what this exhibition seeks to accomplish is to recognize and
explore this significant development in landscape imagery,"
said Paul. "These works provide a unique view of both
the artistic and cultural climate of the Netherlands in its
Golden Age." Among the earliest proponents were Pieter
Bruegel and the artist known as the Master of the Small Landscape.
Bruegel was noted for his Alpine landscapes while The Master
of the Small Landscape introduced the indigenous, often seemingly
unremarkable, landscape as a subject.
these early developments, the depiction of the natural landscape
blossomed into a distinct and influential genre. Numerous
artists followed the works of the Master of the Small Landscape
in depicting the countryside around them. The unremitting
flat and low horizon that distinguishes the Dutch countryside
typifies these images.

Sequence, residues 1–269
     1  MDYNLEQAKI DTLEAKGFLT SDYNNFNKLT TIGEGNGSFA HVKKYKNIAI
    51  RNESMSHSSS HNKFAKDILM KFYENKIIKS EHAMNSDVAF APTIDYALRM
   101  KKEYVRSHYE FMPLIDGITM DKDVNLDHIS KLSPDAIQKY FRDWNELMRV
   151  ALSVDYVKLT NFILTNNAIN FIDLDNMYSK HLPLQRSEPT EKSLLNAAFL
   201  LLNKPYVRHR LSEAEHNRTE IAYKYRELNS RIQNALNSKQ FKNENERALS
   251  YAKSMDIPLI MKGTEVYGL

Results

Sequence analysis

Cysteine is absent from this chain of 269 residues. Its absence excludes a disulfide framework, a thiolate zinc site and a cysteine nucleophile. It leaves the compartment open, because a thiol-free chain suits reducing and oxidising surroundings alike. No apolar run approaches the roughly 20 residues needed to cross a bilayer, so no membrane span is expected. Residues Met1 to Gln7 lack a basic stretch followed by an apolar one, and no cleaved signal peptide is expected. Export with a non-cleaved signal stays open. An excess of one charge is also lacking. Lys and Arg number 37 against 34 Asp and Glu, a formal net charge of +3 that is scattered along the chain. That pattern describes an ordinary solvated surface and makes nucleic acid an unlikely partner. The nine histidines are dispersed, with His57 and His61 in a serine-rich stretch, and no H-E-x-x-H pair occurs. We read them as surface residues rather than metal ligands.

contrast, another group of artists followed the lead of Bruegel
and looked farther south, to Italy, for inspiration in its
rocky, mountainous terrain
this period, landscape prints were often published in series
so buyers could enjoy a vicarious trip through the local countryside
without leaving home. The University of Virginia Art museum
owns two complete series, one by Jan van de Velde, the other
by Claes Jansz Visscher, both in the exhibit. Other artists
featured in the exhibit include Hendrik Goudt, Allart van
Everdingen and Willem van Nieulandt.
University of Virginia Art Museum is open to the public without
charge Tuesday through Sunday, 1 to 5 p.m. Limited parking
is available for visitors behind the museum.
For more information about the exhibition or the University
of Virginia Art Museum, call (434) 924-3592.